Barcos Rabelos

Port wine was traditionally moved from the Quinta to Porto in the Barcos Rabelos, a flat bottomed boat known only in the Douro valley. The river was very rough with gorges and rapids along its length. The dams raised the river in these areas  so now it is a peaceful and controlled flow. The Rabelos were replaced with road and rail transport. Port is unusual in that it is the only wine that is matured off the vineyard.

Rabelos are now used for tourism and publicity but are still made and repaired by hand.



Rio Douro

We did a cruise along the river to the area where the grapes for Port are grown.  The cruise is by Rota Do Douro, and very well done.  Breakfast and lunch on the trip up to Regua and then a train ride back to Porto.

Looking back toward Porto and three of the six bridges, the middle on is no longer in use but is kept as a memorial.


The first lock, 14 metre rise.


River sceneDSC00248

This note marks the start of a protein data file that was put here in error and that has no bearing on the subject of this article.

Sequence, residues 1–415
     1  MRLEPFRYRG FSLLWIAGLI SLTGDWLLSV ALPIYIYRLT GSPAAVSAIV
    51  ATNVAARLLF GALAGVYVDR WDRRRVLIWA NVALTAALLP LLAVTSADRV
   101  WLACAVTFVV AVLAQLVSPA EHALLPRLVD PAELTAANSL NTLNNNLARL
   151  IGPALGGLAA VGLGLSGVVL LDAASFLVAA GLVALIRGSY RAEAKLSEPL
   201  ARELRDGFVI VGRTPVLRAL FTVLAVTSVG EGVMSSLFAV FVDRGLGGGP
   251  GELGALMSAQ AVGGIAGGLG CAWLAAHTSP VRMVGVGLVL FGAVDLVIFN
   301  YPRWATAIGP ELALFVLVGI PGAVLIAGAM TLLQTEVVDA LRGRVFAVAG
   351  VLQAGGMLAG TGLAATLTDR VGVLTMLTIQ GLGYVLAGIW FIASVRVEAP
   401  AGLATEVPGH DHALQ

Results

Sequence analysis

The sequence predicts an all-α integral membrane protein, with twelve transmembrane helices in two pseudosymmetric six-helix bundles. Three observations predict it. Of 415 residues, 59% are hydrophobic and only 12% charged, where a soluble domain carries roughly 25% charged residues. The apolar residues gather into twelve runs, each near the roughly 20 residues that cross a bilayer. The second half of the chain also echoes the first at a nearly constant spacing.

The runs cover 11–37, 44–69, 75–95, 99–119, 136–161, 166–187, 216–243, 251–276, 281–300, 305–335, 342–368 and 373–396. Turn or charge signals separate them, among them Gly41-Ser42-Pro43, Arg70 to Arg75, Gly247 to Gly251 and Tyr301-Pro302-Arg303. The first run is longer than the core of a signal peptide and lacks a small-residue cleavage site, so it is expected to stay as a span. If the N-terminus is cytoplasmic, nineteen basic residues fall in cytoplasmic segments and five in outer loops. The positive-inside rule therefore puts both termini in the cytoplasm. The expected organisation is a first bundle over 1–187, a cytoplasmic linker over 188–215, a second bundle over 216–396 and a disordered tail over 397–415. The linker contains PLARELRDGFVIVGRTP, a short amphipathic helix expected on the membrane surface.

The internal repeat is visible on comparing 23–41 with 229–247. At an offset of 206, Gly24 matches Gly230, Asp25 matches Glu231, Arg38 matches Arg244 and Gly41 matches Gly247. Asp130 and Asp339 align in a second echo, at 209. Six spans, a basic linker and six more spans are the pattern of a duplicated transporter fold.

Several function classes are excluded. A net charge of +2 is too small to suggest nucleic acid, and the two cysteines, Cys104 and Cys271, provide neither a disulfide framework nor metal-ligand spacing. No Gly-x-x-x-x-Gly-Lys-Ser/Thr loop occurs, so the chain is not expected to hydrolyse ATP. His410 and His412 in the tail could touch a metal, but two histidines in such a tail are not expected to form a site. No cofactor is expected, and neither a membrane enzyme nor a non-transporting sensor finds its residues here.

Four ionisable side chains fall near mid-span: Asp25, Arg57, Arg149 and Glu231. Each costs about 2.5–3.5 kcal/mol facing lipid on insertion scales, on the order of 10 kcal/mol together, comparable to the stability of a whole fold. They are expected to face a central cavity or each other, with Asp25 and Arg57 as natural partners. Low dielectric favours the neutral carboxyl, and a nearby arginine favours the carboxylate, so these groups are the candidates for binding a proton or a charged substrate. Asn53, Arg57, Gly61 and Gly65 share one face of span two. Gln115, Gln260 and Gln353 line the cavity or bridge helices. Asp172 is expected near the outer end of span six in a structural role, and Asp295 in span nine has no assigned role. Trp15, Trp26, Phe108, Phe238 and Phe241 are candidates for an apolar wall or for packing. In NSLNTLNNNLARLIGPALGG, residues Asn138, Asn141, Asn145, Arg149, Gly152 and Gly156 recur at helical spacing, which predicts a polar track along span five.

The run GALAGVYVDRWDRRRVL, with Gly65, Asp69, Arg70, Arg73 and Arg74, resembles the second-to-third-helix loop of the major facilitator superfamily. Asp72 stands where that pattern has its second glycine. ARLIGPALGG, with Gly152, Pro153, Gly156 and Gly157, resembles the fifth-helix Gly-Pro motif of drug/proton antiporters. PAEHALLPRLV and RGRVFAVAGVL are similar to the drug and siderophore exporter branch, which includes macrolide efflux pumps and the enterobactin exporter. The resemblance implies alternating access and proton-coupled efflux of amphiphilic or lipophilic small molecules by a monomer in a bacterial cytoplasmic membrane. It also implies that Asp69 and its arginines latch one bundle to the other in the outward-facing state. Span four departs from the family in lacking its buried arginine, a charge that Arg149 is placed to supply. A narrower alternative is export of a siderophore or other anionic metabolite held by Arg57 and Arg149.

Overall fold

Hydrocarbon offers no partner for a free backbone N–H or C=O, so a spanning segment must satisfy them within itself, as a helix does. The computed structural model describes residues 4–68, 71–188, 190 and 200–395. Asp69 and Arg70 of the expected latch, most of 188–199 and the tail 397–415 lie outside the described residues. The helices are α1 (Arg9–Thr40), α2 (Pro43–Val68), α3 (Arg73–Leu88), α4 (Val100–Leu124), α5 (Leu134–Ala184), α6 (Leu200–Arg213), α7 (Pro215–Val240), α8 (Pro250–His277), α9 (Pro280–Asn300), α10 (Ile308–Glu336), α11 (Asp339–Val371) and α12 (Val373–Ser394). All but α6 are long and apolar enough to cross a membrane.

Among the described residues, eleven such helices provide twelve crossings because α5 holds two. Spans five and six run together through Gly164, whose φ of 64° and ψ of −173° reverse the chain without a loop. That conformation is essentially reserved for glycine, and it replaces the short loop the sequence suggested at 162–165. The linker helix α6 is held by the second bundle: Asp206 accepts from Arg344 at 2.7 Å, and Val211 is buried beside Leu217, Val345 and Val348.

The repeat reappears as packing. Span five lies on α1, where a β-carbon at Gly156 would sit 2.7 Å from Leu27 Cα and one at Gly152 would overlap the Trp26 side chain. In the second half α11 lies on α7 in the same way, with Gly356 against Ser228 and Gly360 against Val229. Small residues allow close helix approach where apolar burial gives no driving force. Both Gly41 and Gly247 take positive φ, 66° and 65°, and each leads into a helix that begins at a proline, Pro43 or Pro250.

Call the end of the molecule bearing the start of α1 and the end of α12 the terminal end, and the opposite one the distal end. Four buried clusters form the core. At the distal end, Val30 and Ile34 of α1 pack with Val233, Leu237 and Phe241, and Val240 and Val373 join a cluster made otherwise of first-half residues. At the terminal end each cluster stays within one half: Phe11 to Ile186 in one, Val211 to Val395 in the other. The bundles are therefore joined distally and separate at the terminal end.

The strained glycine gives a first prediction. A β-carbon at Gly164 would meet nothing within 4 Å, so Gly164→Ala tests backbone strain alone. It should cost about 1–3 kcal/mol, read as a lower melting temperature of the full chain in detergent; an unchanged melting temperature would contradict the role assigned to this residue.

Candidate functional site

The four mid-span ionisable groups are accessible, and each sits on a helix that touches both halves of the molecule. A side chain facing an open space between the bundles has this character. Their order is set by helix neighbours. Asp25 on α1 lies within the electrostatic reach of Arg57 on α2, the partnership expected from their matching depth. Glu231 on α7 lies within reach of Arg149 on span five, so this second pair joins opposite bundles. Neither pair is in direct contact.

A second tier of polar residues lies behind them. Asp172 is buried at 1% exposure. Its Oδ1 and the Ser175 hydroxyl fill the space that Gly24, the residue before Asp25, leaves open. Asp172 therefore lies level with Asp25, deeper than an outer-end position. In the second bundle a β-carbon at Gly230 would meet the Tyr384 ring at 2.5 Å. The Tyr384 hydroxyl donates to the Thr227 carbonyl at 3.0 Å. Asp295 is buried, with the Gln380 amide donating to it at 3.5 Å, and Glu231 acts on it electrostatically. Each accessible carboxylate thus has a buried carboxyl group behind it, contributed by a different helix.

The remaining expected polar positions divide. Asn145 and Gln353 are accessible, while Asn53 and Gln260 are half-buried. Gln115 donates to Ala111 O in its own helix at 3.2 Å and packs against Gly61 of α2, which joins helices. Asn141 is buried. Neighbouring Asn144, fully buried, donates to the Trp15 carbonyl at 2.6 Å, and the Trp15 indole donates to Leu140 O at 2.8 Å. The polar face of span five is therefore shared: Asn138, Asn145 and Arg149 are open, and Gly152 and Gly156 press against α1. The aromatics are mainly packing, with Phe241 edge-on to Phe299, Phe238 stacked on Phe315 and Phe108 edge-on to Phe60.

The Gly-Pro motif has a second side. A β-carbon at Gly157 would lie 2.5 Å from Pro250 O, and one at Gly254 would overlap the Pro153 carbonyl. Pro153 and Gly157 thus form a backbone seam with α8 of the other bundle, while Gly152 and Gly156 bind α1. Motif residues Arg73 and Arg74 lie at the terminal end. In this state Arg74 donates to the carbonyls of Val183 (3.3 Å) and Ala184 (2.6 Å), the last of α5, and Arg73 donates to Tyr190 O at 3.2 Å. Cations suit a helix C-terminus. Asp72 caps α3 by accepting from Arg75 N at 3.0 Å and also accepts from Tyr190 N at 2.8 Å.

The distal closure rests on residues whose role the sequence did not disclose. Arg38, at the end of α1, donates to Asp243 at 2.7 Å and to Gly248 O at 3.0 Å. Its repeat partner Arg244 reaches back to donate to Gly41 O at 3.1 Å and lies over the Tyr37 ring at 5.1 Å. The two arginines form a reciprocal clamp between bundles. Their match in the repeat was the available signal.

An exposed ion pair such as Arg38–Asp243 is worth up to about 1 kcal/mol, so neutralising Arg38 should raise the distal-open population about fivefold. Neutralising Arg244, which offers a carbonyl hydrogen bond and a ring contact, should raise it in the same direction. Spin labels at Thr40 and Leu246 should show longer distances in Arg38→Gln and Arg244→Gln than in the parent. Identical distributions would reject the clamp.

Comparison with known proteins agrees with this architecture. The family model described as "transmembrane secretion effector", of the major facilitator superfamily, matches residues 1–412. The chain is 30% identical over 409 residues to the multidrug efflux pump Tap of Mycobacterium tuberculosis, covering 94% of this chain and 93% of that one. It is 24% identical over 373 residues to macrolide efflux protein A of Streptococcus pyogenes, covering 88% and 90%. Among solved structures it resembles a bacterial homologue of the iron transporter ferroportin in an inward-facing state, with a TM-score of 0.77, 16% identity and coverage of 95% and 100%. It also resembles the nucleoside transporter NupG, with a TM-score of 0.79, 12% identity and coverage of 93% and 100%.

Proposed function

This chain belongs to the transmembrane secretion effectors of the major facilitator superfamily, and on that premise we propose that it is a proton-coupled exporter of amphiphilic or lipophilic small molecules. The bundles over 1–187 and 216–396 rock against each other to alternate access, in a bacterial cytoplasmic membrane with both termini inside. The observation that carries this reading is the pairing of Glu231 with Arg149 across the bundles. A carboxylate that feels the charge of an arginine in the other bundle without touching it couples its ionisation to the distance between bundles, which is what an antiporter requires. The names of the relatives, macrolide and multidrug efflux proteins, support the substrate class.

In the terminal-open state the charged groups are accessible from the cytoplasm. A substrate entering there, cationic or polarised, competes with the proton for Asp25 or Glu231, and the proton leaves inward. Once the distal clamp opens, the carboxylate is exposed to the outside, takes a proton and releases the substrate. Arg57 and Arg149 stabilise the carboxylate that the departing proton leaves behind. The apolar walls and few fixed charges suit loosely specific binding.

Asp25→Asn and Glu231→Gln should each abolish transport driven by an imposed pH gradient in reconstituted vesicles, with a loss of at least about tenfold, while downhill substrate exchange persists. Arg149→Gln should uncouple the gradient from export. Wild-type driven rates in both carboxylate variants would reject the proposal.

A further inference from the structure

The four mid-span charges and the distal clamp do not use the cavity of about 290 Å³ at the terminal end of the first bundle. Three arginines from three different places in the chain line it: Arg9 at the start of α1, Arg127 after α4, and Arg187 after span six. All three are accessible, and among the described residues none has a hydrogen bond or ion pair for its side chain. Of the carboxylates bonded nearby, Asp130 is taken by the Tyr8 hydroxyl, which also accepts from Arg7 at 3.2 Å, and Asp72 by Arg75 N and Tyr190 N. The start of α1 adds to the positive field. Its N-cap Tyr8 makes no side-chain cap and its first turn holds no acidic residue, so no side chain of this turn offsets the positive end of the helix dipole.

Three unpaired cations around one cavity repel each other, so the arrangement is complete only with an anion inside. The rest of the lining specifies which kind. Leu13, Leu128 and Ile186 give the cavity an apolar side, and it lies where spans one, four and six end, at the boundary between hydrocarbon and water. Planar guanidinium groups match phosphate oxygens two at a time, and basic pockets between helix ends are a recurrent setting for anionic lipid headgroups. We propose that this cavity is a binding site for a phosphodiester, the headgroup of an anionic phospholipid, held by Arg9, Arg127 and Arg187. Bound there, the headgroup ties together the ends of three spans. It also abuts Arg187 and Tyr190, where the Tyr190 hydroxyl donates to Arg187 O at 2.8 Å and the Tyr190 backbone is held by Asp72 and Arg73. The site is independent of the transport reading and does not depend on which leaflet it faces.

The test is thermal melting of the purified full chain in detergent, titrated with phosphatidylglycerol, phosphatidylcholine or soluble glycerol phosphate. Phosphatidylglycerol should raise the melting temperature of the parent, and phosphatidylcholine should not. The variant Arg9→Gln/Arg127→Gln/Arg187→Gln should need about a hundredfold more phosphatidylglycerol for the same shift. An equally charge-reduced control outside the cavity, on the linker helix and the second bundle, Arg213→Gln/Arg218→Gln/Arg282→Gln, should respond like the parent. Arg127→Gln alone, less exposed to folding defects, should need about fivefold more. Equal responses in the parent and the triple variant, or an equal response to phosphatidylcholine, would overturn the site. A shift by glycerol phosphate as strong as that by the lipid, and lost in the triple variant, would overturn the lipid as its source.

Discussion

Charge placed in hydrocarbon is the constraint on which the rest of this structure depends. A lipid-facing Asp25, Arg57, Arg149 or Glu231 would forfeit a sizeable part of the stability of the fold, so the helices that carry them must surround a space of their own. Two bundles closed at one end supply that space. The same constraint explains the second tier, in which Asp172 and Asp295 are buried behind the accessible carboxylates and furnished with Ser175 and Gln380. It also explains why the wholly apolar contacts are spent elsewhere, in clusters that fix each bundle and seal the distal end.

Second lock, 35 metre rise, second highest in Europe.


The next two photos give an idea of the lift:


Top the same ladder.


Some infinity pool


Wine country


In Regua we changed to a bus and went to a Quinta, a Sandeman owned one. Here we saw the vines and the pressing house.


The Douro from the QuintaDSC00285


An enjoyable day.


The Marina we were in, just up the Rio Douro from the breakwater was in Afurada,  a lovely fishing community.

Just outside the marina was the communal laundry, a building with 4 great tubs and sloping stone lips to beat the clothes on and washing lines for the clothes to dry.


Sunset at the marina


Sunset the other way, looking past Kapowai up the river



Porto has been a bit run down but there are plenty of signs of a renewal. This is great news as Porto is a fantastic city, visually, historically and with wonderful people. Here are a selection of the huge number of photos we took.

Looking up the Rio Douro


Toward the cathedral


Down River


The Caves where the Port is matured in barrels


A Rabelo cruising past the Cathedral. The Rabelo was the boat used to bring the barrels of port down the river from the Quinto where it was grown, pressed and barrelled. Now done by road tanker.